Senecavirus A: First clinical case in an Ontario commercial swine herd

Josepha DeLay, Ryan Tenbergen, Margaret Stalker, Tim Blackwell, Davor Ojkic, Jim Fairles

Animal Health Laboratory, University of Guelph, ON (DeLay, Stalker, Ojkic); Demeter Veterinary Services, St. Nicolas, ON (Tenbergen); Ontario Ministry of Agriculture, Food, and Rural Affairs, Elora, ON (Blackwell)

AHL Newsletter 2019;23(4):9-10.

In June 2019, Senecavirus A (SVA) was detected in a farrow-to-finish, multi-site Ontario herd. Initially, 40% of lactating sows were acutely anorexic and pyrexic, and 10% of affected sows developed vesicles and ulcers on snouts and at coronary bands (Fig. 1A and 1B). Concurrently, diarrhea was identified in 50% of neonatal litters <7days of age, with high mortality (70%) among affected piglets.  The Canadian Food Inspection Agency (CFIA) was immediately notified when vesicles were observed, and a full investigation excluded foreign animal diseases, including: foot and mouth disease, swine vesicular disease, and vesicular stomatitis.  SVA was confirmed by PCR as the cause of vesicular lesions. 

Biofeedback was initiated to control the outbreak.  Clinical disease continued in the sow herd and among nursing piglets but gradually resolved, with increases in preweaning mortality, sow mortality and stillborn and mummified fetuses over the next 3-4 weeks.  Progression and monitoring of herd infection were accomplished by SVA PCR on oral fluids, carried out at the Animal Health Laboratory. Among piglets infected during the initial outbreak, PCR-based evidence of infection persisted for variable time periods and through all stages of production, although vesicular lesions were identified only in nursing and gestating sows and in gilts in the developer unit, and diarrhea was seen only in neonates.  Surviving nursing and nursery pigs were unthrifty, with uneven growth.  In a sample of piglets euthanized at weaning, postmortem examination identified lymphoplasmacytic inflammation in multiple organs including kidney, heart, liver, and brain.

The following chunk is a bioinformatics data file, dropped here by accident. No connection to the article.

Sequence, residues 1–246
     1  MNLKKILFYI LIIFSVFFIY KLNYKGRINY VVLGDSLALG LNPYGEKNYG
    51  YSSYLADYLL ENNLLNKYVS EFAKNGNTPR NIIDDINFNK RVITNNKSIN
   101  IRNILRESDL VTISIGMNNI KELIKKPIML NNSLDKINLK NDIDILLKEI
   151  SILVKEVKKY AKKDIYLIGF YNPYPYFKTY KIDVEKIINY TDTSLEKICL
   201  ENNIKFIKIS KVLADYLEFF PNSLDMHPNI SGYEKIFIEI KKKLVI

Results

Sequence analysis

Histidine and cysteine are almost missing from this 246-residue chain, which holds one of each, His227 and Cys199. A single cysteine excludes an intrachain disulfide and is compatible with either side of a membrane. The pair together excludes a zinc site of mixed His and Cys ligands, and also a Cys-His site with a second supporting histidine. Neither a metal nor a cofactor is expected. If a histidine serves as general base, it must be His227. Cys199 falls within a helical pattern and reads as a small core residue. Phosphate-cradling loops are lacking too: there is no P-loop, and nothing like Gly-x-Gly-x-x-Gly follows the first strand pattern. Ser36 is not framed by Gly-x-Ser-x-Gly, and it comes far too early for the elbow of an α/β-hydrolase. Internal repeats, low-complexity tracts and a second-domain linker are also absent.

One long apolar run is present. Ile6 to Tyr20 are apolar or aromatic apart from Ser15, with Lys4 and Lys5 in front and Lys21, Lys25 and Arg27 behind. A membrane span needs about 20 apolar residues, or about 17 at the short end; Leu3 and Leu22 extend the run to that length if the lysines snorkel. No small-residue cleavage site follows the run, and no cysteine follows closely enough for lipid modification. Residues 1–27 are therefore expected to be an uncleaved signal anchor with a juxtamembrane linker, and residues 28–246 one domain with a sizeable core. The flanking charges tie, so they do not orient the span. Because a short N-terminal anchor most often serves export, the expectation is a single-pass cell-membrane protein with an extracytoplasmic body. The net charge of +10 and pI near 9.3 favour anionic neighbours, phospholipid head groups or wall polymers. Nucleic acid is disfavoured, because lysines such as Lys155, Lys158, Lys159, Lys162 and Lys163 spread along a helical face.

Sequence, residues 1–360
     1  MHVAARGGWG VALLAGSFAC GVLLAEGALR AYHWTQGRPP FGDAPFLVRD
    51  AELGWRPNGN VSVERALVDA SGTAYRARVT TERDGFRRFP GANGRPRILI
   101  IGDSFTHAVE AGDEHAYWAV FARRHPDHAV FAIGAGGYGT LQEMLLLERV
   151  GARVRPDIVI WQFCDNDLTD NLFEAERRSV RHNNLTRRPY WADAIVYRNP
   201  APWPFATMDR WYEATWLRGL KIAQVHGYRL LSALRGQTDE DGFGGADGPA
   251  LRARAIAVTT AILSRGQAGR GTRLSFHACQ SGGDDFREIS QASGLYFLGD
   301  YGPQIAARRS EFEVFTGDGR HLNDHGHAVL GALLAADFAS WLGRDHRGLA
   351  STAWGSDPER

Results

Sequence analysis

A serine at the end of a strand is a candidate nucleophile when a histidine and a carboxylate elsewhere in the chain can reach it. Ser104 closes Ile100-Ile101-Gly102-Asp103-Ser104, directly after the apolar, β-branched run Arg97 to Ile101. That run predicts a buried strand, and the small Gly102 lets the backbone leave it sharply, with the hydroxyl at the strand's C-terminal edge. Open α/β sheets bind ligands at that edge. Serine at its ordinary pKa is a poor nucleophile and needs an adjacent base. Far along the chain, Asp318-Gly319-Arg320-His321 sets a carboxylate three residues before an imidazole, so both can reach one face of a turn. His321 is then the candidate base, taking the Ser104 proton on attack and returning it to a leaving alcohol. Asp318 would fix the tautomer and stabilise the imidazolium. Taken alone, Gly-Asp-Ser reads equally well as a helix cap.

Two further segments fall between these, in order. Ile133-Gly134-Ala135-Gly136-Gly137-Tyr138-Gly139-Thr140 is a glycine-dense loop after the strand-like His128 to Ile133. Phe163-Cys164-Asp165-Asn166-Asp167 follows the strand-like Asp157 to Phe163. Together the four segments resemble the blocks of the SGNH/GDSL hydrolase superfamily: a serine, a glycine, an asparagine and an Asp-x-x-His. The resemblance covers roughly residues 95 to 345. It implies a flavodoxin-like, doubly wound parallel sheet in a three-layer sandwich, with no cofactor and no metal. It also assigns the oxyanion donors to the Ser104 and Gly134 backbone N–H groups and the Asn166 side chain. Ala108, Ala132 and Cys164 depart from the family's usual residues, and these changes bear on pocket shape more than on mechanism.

Figures 1A and 1B. Snout (A) and coronary band (B) ulceration in Senecavirus A-infected sows.

Figures 1A and 1B. Snout (A) and coronary band (B) ulceration in Senecavirus A-infected sows.

Pathology investigation is ongoing into the association of widespread inflammatory lesions in nursery pigs with SVA. Animal and environmental monitoring continues for SVA elimination in the herd. Further investigation is in progress to determine the source of SVA infection in this outbreak. Although SVA has been detected at assembly yards in Ontario since 2016 and lesions have been observed in cull sows at these sites, this is the first case of SVA-associated disease in a commercial swine herd in Ontario.


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